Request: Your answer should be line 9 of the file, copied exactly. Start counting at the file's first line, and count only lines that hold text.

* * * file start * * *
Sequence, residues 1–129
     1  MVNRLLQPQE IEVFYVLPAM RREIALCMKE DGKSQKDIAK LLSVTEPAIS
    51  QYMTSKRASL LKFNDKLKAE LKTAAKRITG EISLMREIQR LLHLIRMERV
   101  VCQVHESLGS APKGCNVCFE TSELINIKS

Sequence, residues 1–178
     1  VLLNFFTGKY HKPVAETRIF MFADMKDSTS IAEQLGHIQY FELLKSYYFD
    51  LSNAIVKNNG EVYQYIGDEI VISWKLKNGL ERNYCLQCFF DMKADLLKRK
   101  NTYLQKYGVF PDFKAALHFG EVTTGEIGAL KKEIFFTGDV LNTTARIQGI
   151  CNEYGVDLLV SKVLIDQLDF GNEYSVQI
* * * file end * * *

   151  CNEYGVDLLV SKVLIDQLDF GNEYSVQI